The company therefore entered two Silver Ghosts in the inaugural Spanish Grand Prix, to be held on 15 June 1913.


The Spanish Grand Prix appealed to Rolls-Royce because it was a test of endurance and reliability – at which the Silver Ghost naturally excelled – not just raw speed.

The 192-mile course comprised three laps and included two formidable passes in the rugged Guadarrama mountains, northwest of Madrid. It was open exclusively to four-seater touring cars, which had to be fitted with mudguards, lamps, hoods and two spare tyres. Bonnets were sealed, and no water could be added to the radiator once the race was under way, despite a shade temperature well above 30°C at the start in La Granja.

Two modified Silver Ghosts were among the 17 starters. The first was owned and (against the company's express wishes) driven by Don Carlos de Salamanca y Hurtado de Zaldivar, later Marqués of Salamanca, who had recently become Rolls-Royce’s new agent in Madrid.

The second was a company-owned Silver Ghost driven by Eric Platford, one of Rolls-Royce’s most experienced and dedicated engineers, who had been responsible for many of the marque’s previous trials successes.


Three hours into the race, Platford had built up a commanding lead of more than 20 minutes. But this was a hard-headed commercial undertaking, not just a sporting challenge, and Platford was racing under strict instructions. Setting aside his own personal ambitions, he therefore pulled over and allowed Don Carlos de Salamanca to pass him. The company’s Madrid agent went on to win his home nation’s first-ever Grand Prix race in a time of 3 hours, 34 minutes and 12 seconds, at an average speed of 54mph.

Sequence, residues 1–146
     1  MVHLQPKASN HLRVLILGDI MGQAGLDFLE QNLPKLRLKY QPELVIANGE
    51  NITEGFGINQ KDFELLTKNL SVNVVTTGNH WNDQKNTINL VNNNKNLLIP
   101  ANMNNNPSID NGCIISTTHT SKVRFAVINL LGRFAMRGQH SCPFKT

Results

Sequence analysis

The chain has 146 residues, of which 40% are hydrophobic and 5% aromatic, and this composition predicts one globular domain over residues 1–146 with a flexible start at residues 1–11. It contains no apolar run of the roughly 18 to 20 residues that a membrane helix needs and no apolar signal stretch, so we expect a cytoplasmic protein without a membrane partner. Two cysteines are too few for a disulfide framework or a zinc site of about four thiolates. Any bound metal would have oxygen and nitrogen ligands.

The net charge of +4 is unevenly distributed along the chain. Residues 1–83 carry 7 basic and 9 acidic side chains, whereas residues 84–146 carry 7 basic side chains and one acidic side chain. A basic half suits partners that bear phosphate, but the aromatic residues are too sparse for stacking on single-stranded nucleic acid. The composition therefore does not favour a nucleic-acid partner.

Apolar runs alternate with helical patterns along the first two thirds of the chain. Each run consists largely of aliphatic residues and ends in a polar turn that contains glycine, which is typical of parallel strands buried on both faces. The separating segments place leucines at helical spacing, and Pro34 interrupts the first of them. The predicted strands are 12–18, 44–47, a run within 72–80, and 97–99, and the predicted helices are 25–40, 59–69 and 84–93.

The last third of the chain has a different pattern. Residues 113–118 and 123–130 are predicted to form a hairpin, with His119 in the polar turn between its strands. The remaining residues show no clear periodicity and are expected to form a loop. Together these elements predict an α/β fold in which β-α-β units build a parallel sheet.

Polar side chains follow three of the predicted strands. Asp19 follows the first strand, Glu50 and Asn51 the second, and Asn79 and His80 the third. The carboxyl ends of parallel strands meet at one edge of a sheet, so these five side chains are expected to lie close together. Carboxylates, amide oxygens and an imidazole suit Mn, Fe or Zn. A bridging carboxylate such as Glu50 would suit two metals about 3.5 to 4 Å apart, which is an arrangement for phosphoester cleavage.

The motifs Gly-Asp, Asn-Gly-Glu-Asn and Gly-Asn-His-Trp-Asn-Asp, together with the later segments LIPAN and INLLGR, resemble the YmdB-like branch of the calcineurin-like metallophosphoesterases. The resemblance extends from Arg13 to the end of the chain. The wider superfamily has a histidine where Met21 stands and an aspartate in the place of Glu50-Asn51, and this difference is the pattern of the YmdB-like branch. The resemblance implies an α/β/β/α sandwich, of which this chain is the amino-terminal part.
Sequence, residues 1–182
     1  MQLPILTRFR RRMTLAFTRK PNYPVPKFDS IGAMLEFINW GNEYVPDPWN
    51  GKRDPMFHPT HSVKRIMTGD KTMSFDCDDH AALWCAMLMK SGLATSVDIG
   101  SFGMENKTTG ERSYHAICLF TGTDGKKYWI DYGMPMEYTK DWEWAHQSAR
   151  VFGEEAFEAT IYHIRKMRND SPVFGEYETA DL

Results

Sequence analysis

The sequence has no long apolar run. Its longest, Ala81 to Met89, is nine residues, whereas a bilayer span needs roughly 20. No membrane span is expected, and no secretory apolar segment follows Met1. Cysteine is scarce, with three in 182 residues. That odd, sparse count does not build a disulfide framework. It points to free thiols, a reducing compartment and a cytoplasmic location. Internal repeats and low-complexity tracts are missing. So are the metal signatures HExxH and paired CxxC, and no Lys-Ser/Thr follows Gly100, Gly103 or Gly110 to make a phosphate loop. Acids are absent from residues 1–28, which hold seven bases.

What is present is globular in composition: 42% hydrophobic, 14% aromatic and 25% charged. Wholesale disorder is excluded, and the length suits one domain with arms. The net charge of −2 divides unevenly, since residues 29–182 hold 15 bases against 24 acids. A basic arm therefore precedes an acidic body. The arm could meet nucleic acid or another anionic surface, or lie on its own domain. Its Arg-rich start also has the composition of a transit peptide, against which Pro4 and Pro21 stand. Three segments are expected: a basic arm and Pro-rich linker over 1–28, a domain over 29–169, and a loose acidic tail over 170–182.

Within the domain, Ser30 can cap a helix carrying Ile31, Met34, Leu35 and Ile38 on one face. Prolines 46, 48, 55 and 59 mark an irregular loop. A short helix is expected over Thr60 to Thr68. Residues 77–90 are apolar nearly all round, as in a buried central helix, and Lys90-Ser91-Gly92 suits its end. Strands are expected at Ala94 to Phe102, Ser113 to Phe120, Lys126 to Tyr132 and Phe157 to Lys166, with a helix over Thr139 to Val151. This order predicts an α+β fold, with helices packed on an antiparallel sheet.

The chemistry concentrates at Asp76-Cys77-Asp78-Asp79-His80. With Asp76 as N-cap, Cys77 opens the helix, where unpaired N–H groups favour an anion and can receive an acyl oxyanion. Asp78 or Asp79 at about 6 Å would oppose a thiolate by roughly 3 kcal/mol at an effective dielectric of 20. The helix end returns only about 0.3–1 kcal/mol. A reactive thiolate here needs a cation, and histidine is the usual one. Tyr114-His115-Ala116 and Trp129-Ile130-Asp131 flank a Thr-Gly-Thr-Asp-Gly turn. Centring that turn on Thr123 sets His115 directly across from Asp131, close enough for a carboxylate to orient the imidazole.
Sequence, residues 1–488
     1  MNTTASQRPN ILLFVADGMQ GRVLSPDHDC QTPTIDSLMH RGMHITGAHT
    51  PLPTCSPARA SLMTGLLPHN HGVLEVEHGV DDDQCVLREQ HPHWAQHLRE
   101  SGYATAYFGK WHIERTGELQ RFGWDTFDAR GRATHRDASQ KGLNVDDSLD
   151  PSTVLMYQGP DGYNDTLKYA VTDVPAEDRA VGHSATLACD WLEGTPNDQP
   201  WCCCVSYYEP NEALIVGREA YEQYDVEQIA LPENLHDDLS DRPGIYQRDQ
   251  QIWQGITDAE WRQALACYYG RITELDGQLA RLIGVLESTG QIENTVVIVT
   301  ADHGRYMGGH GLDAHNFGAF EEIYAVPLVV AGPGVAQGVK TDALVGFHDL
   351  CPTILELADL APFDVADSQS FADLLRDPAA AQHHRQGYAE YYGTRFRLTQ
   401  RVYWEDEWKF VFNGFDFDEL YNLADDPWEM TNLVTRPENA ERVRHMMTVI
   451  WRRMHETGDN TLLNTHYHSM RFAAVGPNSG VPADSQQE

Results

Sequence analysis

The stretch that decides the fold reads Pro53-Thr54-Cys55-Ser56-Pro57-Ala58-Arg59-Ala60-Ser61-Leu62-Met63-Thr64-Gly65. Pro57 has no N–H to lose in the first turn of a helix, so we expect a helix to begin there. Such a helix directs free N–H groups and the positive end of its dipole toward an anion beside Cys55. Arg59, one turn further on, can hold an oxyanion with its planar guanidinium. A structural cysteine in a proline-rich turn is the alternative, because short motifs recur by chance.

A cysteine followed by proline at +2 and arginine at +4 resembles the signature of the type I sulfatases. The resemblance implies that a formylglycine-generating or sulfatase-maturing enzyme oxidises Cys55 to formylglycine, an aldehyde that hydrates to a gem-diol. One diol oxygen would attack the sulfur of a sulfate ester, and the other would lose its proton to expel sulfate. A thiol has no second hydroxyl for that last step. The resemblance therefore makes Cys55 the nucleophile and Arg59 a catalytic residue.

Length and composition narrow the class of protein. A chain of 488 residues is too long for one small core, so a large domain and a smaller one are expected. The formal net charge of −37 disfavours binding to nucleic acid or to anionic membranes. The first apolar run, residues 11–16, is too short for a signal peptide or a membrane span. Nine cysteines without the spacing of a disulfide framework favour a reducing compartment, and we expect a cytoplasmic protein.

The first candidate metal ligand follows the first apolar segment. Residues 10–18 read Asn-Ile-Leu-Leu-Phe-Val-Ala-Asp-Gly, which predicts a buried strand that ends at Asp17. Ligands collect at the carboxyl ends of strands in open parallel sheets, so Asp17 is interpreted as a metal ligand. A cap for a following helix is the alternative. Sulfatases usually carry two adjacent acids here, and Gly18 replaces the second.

Sadly for Platford, his selfless manoeuvre also opened the door for another rival, the Marqués de Aulencia in a Lorraine-Dietrich, who took second place just three minutes ahead of him ­– a very narrow margin in an age when races could still be won or lost by hours.


Platford's sacrifice did not go unrewarded, however. After the race, he drove his car to Madrid, where he received a congratulatory telegram from Claude Johnson; he was later awarded a holiday in Venice, partly as a gift and partly to escape the inevitable press attention. He also received two gold watches by way of compensation: one presented by the Rolls-Royce directors ­– and the other by a very grateful Don Carlos de Salamanca.


The 1913 Spanish Grand Prix victory came just a week before the start of the 1913 Alpenfahrt, the daunting 1,600-mile trial through the Alps. Platford, as team manager, would lead the Rolls-Royce Works Team to a clean sweep of the top four places, sealing the Silver Ghost's reputation, described in the media as 'the best car in the world'. In his team spirit, dedication, selflessness, courage and constant pursuit of excellence, he perfectly exemplifies the ethos of Inspiring Greatness, which continues to resonate at the heart of the marque today.